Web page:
result

[ri-zuhlt]
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verb (used without object)

to spring, arise, or proceed as a consequence of actions, circumstances, premises, etc.; be the outcome.
to terminate or end in a specified manner or thing.

noun

something that happens as a consequence; outcome.
Mathematics. a quantity, expression, etc., obtained by calculation.
Often results. a desirable or beneficial consequence, outcome, or effect: We had definite results within weeks.

Idioms

    get results, to obtain a notable or successful result or response; be effective.

Origin of result

1375–1425; late Middle English resulten (v.) < Anglo-Latin resultāre to arise as a consequence, Latin: to spring back, rebound, equivalent to re- re- + -sultāre, combining form of saltāre to dance (frequentative of salīre to leap, spring)

Synonyms for result

1. flow, come, issue. See follow. 2. resolve, eventuate. 3. conclusion, issue, end, product, fruit. See effect.

Antonyms for result

3. cause.
Dictionary.com Unabridged Based on the Random House Unabridged Dictionary, © Random House, Inc. 2019


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British Dictionary definitions for resulted

result

noun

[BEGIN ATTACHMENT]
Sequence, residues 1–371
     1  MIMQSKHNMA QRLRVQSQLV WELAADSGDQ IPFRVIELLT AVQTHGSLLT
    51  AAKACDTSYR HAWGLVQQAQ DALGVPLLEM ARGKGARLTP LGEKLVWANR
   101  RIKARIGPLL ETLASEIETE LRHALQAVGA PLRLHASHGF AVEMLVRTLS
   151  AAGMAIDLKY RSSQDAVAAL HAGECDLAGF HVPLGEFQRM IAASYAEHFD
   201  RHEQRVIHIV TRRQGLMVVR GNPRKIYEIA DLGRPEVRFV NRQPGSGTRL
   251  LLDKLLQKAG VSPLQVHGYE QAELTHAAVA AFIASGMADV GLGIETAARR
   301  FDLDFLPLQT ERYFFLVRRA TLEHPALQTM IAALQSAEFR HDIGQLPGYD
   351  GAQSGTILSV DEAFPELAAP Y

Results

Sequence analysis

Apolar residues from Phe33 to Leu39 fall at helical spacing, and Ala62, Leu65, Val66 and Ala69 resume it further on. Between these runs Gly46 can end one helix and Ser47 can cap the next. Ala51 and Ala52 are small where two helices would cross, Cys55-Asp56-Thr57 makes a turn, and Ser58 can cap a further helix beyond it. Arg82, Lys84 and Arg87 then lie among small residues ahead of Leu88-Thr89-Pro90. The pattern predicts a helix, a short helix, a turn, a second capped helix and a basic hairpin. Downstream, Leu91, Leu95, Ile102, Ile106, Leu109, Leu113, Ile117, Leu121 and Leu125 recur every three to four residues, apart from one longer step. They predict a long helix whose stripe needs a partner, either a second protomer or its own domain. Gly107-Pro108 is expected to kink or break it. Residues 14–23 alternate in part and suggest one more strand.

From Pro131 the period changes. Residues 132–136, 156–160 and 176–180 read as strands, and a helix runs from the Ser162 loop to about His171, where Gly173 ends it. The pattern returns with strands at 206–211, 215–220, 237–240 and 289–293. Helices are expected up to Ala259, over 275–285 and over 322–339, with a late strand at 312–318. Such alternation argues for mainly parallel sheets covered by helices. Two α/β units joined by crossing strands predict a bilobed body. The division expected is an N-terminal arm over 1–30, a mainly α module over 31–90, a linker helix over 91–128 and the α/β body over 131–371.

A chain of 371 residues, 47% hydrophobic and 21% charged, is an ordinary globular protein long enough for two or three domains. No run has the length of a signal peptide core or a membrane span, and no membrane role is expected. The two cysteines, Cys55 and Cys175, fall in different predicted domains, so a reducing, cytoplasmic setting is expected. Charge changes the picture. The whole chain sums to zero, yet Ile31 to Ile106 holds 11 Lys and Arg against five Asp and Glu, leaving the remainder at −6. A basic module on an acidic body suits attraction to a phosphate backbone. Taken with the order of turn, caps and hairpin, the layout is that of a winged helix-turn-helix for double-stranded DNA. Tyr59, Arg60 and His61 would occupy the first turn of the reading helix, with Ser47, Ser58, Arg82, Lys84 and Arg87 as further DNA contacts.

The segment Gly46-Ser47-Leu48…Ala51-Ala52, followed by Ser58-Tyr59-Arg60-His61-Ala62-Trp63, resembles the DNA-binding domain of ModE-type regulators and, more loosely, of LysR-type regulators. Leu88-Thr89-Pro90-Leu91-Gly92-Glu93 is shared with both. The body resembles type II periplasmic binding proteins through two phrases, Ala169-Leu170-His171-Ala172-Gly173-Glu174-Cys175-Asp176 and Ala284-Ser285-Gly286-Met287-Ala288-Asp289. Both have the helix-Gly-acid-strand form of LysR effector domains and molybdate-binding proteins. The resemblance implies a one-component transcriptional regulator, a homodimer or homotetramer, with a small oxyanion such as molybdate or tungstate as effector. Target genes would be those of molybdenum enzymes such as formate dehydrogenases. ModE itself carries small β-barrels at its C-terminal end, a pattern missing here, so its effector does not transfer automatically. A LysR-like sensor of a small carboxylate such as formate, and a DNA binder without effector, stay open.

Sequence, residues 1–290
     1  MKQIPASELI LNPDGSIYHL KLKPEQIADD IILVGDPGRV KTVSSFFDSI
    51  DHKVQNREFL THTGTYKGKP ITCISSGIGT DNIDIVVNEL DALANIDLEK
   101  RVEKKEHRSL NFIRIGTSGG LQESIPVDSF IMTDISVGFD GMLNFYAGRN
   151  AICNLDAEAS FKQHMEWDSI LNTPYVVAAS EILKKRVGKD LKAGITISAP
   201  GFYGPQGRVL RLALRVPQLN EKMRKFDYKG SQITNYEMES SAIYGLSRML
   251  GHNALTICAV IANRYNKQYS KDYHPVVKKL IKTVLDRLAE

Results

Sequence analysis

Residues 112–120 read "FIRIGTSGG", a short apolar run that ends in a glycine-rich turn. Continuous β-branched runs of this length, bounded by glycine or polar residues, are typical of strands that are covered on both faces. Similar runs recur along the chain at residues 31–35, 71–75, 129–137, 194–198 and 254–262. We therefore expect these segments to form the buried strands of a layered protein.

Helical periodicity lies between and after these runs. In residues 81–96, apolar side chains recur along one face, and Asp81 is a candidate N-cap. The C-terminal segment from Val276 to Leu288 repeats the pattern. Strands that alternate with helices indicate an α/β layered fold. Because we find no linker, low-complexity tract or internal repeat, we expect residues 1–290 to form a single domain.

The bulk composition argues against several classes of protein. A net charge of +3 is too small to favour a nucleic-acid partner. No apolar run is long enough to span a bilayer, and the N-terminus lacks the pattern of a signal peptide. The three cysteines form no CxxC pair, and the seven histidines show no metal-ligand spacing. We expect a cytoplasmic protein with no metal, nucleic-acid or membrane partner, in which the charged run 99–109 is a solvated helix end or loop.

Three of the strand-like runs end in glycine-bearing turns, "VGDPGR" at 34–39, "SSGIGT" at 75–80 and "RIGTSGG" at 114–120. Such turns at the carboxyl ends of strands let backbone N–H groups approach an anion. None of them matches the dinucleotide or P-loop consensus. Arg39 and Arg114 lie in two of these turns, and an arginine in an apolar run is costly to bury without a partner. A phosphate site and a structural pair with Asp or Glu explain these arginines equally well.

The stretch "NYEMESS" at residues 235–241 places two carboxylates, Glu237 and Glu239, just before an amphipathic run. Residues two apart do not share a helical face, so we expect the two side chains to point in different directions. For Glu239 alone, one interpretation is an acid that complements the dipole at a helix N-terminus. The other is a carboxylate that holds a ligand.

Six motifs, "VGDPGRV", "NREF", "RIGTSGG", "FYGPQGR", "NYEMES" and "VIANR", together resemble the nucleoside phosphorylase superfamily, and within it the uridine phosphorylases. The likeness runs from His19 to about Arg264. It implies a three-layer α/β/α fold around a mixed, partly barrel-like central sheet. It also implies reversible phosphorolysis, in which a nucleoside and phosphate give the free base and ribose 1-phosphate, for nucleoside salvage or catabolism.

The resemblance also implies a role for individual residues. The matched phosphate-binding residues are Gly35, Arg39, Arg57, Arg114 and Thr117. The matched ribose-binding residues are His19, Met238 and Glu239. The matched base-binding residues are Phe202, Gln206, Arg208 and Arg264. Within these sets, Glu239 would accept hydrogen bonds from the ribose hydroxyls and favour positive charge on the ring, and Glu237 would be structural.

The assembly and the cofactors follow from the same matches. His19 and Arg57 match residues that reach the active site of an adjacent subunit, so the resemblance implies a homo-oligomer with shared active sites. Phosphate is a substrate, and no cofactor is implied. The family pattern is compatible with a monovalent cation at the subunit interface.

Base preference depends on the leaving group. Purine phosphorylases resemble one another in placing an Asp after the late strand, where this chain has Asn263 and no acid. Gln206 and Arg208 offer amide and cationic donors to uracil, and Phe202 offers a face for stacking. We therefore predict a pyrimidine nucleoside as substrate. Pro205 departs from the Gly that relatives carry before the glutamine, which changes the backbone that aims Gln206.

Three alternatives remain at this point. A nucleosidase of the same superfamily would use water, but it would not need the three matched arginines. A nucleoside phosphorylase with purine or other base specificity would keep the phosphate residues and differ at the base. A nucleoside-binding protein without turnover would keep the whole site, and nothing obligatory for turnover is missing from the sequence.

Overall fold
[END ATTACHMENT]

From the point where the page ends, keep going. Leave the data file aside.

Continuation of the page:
something that ensues from an action, policy, course of events, etc; outcome; consequence
a number, quantity, or value obtained by solving a mathematical problem
US a decision of a legislative body
(often plural) the final score or outcome of a sporting contest
a favourable result, esp a victory or success

verb (intr)

(often foll by from) to be the outcome or consequence (of)
(foll by in) to issue or terminate (in a specified way, state, etc); endto result in tragedy
property law (of an undisposed or partially disposed of interest in land) to revert to a former owner when the prior interests come to an end

Word Origin for result

C15: from Latin resultāre to rebound, spring from, from re- + saltāre to leap
Collins English Dictionary - Complete & Unabridged 2012 Digital Edition © William Collins Sons & Co. Ltd. 1979, 1986 © HarperCollins Publishers 1998, 2000, 2003, 2005, 2006, 2007, 2009, 2012

Word Origin and History for resulted

result

v.

early 15c., "occur as a result, arise as a consequence," from Medieval Latin resultare "to result," in classical Latin "to spring forward, rebound," frequentative of past participle of resilire "to rebound" (see resilience). Related: Resulted; resulting.

result

n.

1620s, "action of springing back;" 1640s, "outcome, effect," from result (v.). Related: Results. Mathematical sense from 1771.

Online Etymology Dictionary, © 2010 Douglas Harper